Quick Fix Friday: Clarinet Finger Placement and Position

I’m a firm believer that most problems on the clarinet are caused by improper use of air. That being said, I believe that the 2nd leading cause of problems on clarinet are due to bad finger placement and positioning.

Finger placement is important for all instruments, but especially clarinet because of its open tone holes. The slightest finger movement can cause air leaks, creating the dreaded squeak. Besides squeaking, improper finger position can cause notes to not speak properly and impede technical development.

Let’s start with the basics – the six fingers that cover the tone holes on front of the clarinet should begin in “home” position. This is similar to proper typing position on American keyboards, in which the left hand hovers over “asdf” and the right hand over “jkl;”. Although your fingers temporarily move to reach other keys, they always remain in home position to improve speed and efficiency, much like the clarinet. For example, when playing clarinet, the left hand pointer finger must remain over the first tone hole, but sometimes it must roll up to reach the A or G# keys before returning to its home position. Many technical errors are a result of not maintaining a good home position.

Once you’ve mastered home position, be sure to avoid any of the following bad habits, which reduce technical proficiency and agility:

  • “Flyaway” fingers – Lifting your fingers too far away from the instrument when not in use dramatically decreases speed and accuracy. Make sure your fingers are close enough to easily cover the tone hole but not so close that you alter the pitch.
  • Resting pinkies behind keys – This is especially common among beginner students who haven’t learned notes involving their pinkies. Not knowing what to do with their pinkies, they hide them behind the pinky keys, making it a bad habit to break when they eventually need their pinkies to play the proper notes.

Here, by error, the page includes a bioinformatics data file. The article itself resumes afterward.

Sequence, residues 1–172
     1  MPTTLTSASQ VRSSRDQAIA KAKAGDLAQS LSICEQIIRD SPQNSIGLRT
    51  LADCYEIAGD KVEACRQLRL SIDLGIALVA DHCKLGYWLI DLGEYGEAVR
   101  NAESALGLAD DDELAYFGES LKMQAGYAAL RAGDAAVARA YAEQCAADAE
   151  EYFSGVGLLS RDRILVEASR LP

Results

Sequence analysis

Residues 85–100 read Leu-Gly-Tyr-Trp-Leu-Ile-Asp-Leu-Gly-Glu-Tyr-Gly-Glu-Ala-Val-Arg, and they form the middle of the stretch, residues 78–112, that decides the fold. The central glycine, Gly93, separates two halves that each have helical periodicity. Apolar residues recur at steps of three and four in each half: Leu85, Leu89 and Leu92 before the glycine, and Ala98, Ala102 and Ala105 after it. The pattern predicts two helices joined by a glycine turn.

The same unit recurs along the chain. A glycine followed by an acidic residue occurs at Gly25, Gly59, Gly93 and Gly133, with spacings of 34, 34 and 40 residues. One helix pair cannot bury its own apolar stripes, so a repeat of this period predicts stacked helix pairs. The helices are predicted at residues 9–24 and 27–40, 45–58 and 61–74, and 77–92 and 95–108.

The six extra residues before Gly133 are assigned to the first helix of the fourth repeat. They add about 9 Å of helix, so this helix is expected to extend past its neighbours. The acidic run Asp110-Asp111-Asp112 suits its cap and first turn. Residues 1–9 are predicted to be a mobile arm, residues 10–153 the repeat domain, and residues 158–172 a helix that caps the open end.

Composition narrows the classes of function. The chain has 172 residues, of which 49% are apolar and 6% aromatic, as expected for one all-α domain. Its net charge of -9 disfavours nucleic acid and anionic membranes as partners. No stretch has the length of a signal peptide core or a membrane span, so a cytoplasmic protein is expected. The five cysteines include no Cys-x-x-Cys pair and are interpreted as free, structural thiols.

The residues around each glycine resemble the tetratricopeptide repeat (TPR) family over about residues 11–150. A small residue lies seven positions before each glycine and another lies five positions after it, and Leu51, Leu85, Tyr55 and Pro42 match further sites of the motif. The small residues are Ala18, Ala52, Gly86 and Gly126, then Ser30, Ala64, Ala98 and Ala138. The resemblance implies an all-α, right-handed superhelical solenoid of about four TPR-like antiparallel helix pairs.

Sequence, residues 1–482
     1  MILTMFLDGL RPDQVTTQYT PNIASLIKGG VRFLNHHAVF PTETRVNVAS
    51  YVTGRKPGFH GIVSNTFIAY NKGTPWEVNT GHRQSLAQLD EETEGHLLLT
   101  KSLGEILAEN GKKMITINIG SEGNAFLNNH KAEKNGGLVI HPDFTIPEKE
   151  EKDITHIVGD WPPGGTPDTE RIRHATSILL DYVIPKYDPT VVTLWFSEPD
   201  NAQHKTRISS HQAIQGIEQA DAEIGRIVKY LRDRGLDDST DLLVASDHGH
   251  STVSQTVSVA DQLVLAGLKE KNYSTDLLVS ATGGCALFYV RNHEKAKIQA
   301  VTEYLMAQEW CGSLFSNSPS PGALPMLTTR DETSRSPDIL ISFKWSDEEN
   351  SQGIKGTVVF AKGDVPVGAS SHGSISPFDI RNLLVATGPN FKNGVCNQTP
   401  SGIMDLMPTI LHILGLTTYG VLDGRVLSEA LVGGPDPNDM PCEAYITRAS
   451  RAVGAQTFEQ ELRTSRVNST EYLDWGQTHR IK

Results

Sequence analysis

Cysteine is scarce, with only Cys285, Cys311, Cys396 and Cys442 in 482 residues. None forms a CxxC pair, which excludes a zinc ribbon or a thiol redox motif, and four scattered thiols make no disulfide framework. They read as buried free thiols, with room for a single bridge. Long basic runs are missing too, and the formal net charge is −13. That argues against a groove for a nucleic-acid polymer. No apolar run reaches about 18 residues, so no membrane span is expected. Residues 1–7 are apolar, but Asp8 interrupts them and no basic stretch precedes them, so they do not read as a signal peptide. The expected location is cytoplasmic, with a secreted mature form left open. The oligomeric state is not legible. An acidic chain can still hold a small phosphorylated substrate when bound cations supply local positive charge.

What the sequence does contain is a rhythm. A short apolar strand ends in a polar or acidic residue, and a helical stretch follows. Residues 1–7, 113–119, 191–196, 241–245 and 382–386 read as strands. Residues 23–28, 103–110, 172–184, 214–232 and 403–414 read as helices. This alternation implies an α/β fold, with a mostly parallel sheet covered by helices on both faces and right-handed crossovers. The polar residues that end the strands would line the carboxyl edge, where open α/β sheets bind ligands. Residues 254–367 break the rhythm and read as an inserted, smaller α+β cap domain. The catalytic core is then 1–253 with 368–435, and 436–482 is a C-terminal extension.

• Covering tone holes with knuckles. The tone hole should always be covered with the pads of your fingers (not your knuckles) because it has enough skin to spread and evenly cover the tone hole. Using your knuckle creates air leaks (especially among younger players with smaller hands) which can cause the clarinet to squeak. This is particularly problematic on the ring finger of the right hand, which has to cover the largest tone hole on the clarinet.
  • Flattened fingers. There should be a slight curve to your fingers, as if you’re holding a bottle of water. Curving your fingers properly allows you to cover the tone hole with the pads of your fingers. Usually, people with flattened fingers also cover tone holes with their knuckles, which also causes their fingers to be too far over on the clarinet keyboard. Everyone has different hand shapes and sizes, so keep in mind that your finger curvature won’t necessarily look identical to other clarinetists.
  • Too much tension. One way I can always tell if a student is using too much finger pressure? The skin color under the nail lightens as blood flow is temporarily stopped due to tension. (Press your thumb and pointer fingers tightly together and watch the color change under your nail to see what I mean).
  • Lobster fingers. Fingers should move quietly and fluidly as you change notes – they shouldn’t snap and make noises like a lobster clicking its claws. A little key noise is natural on clarinet, but make sure you’re not slapping or adding to the noise.

Practice in front of a mirror regularly to check that you are maintaining proper finger position. It can be frustrating to correct and maintain proper finger placement and position, but the resulting improved technique you will experience will be worth your patience!

Further reading: The Bonade Clarinet Compendium is an excellent resource on proper clarinet finger position (among many other clarinet topics), and it can be read online here.

Happy Friday, and happy practicing!

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